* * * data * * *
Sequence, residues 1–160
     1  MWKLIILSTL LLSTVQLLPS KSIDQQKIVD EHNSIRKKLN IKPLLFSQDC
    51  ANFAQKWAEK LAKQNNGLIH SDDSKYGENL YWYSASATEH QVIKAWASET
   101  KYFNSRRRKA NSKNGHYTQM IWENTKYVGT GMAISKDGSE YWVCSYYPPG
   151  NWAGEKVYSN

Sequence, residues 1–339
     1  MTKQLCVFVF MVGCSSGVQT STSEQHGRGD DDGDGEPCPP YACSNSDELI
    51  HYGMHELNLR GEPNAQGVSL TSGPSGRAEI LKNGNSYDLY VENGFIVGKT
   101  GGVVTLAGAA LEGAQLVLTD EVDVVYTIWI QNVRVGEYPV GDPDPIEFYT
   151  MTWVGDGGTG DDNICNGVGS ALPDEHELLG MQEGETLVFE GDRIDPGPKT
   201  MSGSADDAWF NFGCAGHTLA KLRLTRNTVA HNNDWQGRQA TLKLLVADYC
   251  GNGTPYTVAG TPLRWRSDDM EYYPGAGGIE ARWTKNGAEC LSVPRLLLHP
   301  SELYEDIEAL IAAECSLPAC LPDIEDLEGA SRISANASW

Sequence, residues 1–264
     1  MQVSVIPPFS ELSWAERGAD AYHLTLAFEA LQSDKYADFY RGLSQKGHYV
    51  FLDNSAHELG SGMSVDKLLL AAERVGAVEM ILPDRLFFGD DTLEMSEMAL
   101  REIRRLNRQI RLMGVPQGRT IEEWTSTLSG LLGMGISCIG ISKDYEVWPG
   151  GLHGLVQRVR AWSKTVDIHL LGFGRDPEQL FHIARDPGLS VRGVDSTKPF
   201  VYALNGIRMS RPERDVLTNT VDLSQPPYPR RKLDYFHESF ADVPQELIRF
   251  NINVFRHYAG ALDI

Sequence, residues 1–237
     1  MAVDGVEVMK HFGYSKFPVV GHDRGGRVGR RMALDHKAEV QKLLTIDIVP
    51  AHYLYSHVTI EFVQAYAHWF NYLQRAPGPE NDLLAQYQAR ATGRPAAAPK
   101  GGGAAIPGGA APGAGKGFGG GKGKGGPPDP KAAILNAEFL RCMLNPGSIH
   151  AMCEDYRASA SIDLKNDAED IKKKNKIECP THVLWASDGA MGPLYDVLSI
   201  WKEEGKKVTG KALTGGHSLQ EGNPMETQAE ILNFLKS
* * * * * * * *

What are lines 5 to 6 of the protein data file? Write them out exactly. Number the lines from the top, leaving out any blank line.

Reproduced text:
   151  NWAGEKVYSN

Sequence, residues 1–339